Wednesday, January 16, 2013

World of Words Wednesday - Women Authors - A


For NaBloPoMo prompt of the day:
If you were a superhero, what would be your kryptonite, draining your energy?
Not sleeping – well, this is an obvious energy-drainer – and this is a kryptonite I seem to encourage of late.   
I learned one thing over the past few months – it is definitely easy to form habits if you practice it for 21 days! This time, however, I need to kick the habit/addiction(s) I acquired
Addictions are easy - some addictions are not too bad, like books (a voice inside me argues - too much of a good thing is not good too), while others are not so much - like an addiction to staying awake long after I should have fallen asleep.
Staying awake long after I should have slept for days together now means I have got into this habit and I am unable to fall asleep earlier even though I want to. So now, it is time for a new habit – to fall asleep and wake up at a more proper time – a time when most adults (parent adults whose kids need to be at school by 8 am) do this activity of falling asleep and waking up.

For Three Word Wednesday:   dismal luscious waffle

Why so dismal? Come,
have a luscious waffle, come,
No time to waffle

Dismal kitchen or
luscious locks? Hmm, Tough choice
Her mind still waffles


For ABCWednesday’s letter A:  I have participated in ABC Wednesday (maybe missed a few weeks in between) for the past two rounds(or is it three rounds already).  When I looked at some of the other ABCs, I got ideas that I thought I should use next time around.  So, this time I hope I can stick to a theme (maybe plan ahead for each alphabet). The theme – Women authors – and for each letter, I will have a small post about one or two of my favorite authors whose last name (or first when the last name proves problematic to find names) begins with that letter.

For the letter A – I have – Jane Austen and Louisa May Alcott

Jane Austen – the name says it all. Jane Austen is easily one of the most well-known authors of all time and her works are still read and relished 200 years later.  Dec 16th marked her 237th birthday! And January 2013 celebrates 200 years of Pride and Prejudice (it was published January 1813). And as of December 2012, I can finally say that I have read all of Jane Austen’s novels after finally reading P & P in its entirety for the first time.   The first line of Pride and Prejudice is an oft-quoted one –
“It is a truth universally acknowledged, that a single man in possession of a good fortune, must be in want of a wife.”
Jane Austen, Pride and Prejudice
And one of my favorite quotes from her is the one below:
“I declare after all there is no enjoyment like reading! How much sooner one tires of any thing than of a book! -- When I have a house of my own, I shall be miserable if I have not an excellent library.”
 And for your enjoyment, a little Pride and Prejudice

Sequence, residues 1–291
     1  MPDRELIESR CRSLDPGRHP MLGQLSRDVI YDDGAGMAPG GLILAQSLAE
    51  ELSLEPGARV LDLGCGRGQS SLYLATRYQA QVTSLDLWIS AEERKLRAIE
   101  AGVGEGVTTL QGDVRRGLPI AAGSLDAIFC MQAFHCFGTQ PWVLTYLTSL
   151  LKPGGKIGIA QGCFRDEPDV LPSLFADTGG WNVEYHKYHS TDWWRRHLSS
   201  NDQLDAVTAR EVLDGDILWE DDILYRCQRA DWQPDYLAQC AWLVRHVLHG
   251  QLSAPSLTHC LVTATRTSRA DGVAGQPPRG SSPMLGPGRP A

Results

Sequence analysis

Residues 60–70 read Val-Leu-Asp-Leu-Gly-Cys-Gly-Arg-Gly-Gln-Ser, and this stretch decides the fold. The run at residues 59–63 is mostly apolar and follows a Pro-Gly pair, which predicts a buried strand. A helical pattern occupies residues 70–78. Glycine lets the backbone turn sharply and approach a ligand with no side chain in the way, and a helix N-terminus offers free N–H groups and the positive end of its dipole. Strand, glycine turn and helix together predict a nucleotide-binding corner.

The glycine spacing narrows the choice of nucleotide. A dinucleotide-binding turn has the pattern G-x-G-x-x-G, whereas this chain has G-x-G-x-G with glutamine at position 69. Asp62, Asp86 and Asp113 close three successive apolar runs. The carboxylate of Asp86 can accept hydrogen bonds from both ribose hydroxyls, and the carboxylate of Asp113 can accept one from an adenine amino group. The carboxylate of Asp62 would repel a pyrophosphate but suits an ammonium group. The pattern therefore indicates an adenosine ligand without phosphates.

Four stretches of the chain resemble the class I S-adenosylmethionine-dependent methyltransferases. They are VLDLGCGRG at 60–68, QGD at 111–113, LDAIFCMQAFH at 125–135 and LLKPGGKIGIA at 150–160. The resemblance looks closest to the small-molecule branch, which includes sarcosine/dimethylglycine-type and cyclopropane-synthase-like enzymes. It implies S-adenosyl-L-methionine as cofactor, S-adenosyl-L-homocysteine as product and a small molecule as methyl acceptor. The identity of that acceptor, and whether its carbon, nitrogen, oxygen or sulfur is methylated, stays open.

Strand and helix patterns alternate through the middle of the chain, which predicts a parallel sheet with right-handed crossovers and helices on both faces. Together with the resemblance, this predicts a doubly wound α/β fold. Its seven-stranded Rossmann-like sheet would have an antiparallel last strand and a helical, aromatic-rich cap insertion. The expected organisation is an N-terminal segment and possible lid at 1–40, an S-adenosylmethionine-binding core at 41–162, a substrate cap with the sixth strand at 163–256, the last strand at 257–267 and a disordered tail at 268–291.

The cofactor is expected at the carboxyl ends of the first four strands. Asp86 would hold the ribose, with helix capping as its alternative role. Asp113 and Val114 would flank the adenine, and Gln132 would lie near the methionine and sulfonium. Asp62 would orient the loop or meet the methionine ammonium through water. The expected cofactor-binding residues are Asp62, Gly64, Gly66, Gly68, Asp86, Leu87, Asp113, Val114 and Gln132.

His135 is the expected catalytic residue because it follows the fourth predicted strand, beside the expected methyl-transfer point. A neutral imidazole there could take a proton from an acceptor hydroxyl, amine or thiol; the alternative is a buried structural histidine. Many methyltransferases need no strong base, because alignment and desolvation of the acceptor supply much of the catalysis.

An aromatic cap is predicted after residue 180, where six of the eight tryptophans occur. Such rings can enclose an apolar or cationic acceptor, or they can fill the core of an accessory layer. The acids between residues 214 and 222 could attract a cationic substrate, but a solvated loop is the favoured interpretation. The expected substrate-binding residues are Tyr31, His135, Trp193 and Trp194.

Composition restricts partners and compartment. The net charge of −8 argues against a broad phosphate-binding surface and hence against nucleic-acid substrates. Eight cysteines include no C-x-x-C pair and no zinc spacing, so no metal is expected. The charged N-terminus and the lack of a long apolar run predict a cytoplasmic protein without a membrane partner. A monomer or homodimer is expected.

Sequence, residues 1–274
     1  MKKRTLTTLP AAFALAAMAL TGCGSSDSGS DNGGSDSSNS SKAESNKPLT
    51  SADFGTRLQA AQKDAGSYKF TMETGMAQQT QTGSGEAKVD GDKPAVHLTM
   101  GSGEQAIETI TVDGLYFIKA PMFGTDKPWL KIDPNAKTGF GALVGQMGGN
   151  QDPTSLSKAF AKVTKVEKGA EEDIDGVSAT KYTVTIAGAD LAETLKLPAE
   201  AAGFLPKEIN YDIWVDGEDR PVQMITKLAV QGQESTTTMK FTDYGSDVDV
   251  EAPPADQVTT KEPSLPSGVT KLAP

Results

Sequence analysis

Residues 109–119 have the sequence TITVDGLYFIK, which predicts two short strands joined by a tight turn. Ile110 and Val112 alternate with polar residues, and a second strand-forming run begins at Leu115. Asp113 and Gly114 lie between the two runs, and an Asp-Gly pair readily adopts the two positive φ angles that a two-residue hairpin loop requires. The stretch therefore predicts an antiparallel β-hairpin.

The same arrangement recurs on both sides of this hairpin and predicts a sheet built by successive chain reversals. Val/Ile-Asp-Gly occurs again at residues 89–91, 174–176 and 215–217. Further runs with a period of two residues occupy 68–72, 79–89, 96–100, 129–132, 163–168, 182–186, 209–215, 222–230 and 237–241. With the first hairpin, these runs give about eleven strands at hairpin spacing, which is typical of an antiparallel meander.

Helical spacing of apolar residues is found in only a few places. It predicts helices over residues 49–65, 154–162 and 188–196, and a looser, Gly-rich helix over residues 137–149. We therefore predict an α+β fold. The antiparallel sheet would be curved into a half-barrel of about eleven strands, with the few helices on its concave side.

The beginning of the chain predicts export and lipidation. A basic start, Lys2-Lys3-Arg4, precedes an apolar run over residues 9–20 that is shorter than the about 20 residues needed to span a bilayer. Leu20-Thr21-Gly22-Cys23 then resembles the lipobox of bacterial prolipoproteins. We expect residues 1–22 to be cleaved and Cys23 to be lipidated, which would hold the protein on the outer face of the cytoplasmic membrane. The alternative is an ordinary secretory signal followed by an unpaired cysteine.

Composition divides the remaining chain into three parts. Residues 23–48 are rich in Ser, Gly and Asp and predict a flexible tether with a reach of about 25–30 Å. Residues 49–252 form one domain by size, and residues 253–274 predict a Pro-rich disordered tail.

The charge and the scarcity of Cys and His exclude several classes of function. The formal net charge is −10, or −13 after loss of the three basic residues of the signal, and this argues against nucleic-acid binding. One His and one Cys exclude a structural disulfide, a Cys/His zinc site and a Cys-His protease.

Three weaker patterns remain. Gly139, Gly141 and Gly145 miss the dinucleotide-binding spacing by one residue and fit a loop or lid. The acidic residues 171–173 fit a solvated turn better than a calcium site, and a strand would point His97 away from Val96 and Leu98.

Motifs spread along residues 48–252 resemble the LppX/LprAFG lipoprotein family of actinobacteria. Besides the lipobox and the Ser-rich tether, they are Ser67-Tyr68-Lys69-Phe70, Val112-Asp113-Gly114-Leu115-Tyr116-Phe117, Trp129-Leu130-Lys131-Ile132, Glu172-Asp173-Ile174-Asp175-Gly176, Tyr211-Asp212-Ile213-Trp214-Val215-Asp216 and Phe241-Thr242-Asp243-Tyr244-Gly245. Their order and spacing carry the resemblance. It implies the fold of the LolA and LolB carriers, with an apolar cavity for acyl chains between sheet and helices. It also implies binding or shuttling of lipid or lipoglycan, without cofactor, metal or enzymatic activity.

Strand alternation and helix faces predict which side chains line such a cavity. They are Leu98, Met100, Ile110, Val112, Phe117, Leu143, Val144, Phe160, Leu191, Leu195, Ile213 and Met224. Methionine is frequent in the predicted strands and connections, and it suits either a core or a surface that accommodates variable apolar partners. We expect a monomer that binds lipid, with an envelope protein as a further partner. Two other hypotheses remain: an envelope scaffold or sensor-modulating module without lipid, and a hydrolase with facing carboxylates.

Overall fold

The above is a file from the Wikimedia Commons and licensed under the Creative Commons Attribution-Share Alike 3.0 Unported license. Subject to disclaimers.
Author : Joel Buhiire (Canadian Joeldude);Original uploader was Jellomania at en.wikipedia ;Later version(s) were uploaded by Romtobbi at en.wikipedia.
 
Louisa May Alcott – her book ‘Little Women’ is another favorite and listed in many top ten lists around. ‘Little Women’ remains one of my favorite novels too. I loved it so much I went looking for Little Men and Jo’s Boys in our school library and read them as well.  I looked for the other books she wrote as well but unfortunately did not find them in our school library. Now, I am enjoying her books again as an adult and hope to a few years later when my little girl will be ready to read ‘Little Women’. I am also reading her other books (which are not as well known as Little Women).
My favorite Alcott quote is of course: “She is too fond of books, and it has turned her brain.”
Louisa May Alcott, Work: A Story of Experience

For Wondrous Words Wednesday: All three words below are from 'The Night Circus'.
querents - Querent as "one who seeks" is derived, according to the Oxford English Dictionary, from the Latin quærēns "seeker," the present participle of quærere "to seek, gain, ask."
In the book 'The Night Circus', the fortune teller refers to her clients as querents and though the reference made the meaning somewhat clear, the word itself was new for me and I had to check it out.  Per the wikipedia page, querent became used to denote a person who questions an Oracle.

oneiromancy NOUN  divination of future through dreams: the practice of divining the future through the interpretation of dreams
Ailuromancy or aeluromancy (from Greek ailouros), also known as felidomancy, is a form of theriomancy. It is divination using cats' movements or jumps to predict future events, especially the weather

7 comments:

  1. Enjoyed the haiku. As to those habits, we so easily get into them, don't we. Like reading a good classic from Austen.

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  2. I'm not sure that you can divine much about the future from the movement of cats, you can tell a lot about cats from the movement of cats of course....

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  3. I enjoyed the haiku as well! Fun use of language!

    The three words from Night Circus are new to me. I'm sure I'll knew use them - I doubt I could even pronounce them!

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  4. Amazing choices of authors! I remember reading "Little Women" again after I'd had my own 2 daughters and got much more out of it than I did when I read it as a teenager.

    Leslie
    abcw team

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  5. I know Austen more from the movie adaptations of her works than the works themselves!
    ROG, ABC Wednesday team

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